- Kneading vs Baking Powder – When trying to figure out how to bake a recipe without a lot of directions you really need to let your dough do the talking. I tried the dough two different ways – a fast way with baking powder and a slow way with lots of kneading. I did both to see which I liked better and wrote both ways into the baking instructions below:
- Kneading – This matches the recipe in the book. I watched the dough and felt it and waited until I thought the dough was ready. Turns out for this recipe this means kneading a decently long time. Which without something that can knead for you sucks. I get it. I have kneaded bread for 30 minutes by hand before (Caveat, I now have a Kitchenaide stand mixer so I didn’t for this recipe). But feel it out as you go. Once the dough feels like you can stretch about an inch without really tearing it, it is good to go.
- Baking Powder – Use 2 teaspoons of baking powder added into step #5 below. You will only need to knead it just enough to incorporate everything together well. This can take a while though because the butter and flour mixture is very grainy.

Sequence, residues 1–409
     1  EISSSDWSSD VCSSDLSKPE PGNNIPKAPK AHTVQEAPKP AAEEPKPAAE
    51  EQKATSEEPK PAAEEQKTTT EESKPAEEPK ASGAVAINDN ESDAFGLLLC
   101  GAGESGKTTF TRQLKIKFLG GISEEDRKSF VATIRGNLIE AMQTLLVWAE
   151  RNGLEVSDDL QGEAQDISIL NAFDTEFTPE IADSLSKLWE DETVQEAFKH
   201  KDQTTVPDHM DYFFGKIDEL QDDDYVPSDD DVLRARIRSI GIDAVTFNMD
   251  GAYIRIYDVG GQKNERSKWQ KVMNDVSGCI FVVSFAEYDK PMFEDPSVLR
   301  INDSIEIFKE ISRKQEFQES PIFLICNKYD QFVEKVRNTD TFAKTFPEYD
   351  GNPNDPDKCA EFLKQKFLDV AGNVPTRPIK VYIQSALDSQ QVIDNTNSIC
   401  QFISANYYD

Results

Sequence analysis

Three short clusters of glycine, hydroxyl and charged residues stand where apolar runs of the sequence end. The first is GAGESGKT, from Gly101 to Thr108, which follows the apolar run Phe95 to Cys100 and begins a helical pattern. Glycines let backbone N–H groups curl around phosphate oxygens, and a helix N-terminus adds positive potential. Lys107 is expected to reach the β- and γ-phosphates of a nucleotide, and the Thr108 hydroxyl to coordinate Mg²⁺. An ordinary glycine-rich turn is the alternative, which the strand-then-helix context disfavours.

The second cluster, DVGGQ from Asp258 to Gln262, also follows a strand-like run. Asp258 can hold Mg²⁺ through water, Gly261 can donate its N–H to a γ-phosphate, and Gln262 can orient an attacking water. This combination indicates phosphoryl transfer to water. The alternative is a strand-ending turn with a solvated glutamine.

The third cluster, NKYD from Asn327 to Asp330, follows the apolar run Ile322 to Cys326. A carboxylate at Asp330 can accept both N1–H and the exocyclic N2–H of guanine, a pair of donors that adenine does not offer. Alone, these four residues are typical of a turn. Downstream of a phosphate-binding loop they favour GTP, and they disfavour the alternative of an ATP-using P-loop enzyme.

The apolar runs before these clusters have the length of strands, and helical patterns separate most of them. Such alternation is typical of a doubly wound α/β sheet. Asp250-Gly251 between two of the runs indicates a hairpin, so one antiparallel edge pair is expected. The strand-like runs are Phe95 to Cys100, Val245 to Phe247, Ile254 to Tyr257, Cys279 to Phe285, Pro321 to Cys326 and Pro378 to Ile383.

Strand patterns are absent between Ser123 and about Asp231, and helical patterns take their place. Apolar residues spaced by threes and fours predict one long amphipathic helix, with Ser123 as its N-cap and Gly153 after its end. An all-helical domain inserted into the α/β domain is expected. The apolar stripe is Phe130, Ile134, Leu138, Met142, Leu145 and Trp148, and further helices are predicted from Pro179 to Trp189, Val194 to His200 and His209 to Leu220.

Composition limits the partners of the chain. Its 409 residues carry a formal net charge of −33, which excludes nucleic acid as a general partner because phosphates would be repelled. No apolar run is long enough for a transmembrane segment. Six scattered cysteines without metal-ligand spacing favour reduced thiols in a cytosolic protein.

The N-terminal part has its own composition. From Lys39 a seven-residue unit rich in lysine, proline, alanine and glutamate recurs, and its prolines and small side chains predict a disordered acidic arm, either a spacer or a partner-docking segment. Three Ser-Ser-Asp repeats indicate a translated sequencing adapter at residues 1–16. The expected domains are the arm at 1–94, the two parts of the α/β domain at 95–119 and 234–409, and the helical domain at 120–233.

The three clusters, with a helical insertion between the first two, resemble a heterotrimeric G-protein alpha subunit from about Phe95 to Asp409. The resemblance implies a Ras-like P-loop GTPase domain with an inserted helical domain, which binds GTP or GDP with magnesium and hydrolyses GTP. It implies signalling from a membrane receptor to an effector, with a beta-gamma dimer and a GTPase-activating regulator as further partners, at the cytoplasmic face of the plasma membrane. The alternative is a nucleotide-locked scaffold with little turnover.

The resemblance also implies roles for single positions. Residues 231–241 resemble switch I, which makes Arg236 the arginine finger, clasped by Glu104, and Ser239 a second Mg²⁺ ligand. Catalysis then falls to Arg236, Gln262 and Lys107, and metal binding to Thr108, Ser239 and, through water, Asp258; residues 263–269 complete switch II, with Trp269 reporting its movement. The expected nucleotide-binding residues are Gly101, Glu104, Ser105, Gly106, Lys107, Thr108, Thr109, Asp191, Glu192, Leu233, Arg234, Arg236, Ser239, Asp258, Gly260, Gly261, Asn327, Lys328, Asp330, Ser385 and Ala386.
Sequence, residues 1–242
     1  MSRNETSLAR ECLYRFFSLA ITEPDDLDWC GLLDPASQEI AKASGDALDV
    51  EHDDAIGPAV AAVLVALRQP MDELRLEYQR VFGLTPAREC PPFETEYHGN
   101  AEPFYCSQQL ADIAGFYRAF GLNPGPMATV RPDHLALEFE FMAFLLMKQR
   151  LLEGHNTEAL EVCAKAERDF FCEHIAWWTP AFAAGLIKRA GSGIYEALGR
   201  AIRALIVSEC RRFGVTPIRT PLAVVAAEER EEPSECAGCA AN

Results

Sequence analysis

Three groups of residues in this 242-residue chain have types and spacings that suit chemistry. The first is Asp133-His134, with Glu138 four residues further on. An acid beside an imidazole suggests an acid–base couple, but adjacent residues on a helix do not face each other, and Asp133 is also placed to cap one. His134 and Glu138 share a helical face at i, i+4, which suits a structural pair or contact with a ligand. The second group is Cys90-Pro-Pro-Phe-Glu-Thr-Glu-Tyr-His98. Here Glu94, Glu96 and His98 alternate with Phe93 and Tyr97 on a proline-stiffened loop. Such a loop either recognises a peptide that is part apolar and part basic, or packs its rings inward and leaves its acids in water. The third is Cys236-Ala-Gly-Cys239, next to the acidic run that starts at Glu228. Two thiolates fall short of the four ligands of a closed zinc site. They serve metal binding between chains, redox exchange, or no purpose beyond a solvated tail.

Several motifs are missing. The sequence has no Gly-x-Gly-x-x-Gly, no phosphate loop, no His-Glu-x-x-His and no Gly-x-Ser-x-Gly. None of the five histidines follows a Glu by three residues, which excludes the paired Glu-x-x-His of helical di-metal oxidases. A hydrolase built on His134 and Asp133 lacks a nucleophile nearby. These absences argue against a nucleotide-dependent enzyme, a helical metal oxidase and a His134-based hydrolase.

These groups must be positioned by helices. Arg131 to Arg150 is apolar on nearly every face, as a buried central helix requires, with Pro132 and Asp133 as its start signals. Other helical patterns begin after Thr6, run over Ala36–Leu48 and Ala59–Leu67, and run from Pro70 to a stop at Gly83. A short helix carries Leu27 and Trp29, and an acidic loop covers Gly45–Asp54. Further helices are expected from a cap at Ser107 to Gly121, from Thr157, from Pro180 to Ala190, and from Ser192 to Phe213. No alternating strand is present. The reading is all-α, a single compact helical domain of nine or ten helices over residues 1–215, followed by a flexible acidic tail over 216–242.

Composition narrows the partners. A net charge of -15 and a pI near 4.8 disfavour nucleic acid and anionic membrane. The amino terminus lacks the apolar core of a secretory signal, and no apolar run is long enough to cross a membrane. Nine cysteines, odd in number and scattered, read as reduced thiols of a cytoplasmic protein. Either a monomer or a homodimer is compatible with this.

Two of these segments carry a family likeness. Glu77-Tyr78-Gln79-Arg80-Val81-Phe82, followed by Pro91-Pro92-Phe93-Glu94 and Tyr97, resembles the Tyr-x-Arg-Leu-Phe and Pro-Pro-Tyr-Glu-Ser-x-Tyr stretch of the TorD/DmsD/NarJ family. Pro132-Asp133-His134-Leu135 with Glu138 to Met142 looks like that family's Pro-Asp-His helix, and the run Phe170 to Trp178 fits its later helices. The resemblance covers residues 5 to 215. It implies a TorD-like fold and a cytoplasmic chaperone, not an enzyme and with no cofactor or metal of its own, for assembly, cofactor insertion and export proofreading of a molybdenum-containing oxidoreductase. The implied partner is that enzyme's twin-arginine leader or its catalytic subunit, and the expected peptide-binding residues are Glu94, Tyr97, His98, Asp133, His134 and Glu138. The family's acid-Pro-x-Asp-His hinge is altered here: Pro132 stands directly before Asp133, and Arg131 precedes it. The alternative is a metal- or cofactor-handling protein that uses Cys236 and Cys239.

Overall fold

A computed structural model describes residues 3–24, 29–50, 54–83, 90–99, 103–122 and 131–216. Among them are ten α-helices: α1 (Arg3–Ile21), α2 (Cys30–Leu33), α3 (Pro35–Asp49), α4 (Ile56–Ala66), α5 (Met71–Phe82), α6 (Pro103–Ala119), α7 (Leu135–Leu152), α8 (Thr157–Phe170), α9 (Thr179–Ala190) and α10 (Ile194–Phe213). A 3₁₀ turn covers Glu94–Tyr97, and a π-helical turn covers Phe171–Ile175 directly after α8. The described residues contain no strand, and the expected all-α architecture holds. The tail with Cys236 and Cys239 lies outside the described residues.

Which did I like better? I prefer the kneaded over the baking powder ones. They looked rounder and had more of that hard crust, soft inside feel. The baking powder ones were super moist and fluffy but, probably because I kneaded less, they looked and felt more like scones or biscuits and a little less like buns. They also had this baking powder taste too them a little bit. Still delicious but when I make them again, I won’t use baking powder.
- The last test I want to do is bread flour vs. all purpose flour. The current recipe uses all all purpose flour because that is what the traditional 1922 recipe called for. I am curious how much using half bread flour would change it. But Mr. Physics says he is tired of eating hot cross buns and I can’t blame him. We usually don’t eat many baked goods and we are up to our ears right now…even if he did take the first batch to work…any other food bloggers start to get overwhelmed with their recipe by the end???
Funfetti Hot Cross Buns
Recipe modified from Hot Cross Buns in The French Chef in Private American Families
Makes 12 buns.
This recipe takes about 3 and a 1/2 to 4 hours to complete but doesn’t need to be done all at once.
1 ½ teaspoons instant yeast
1 cup milk
1 tablespoon + ¼ cup sugar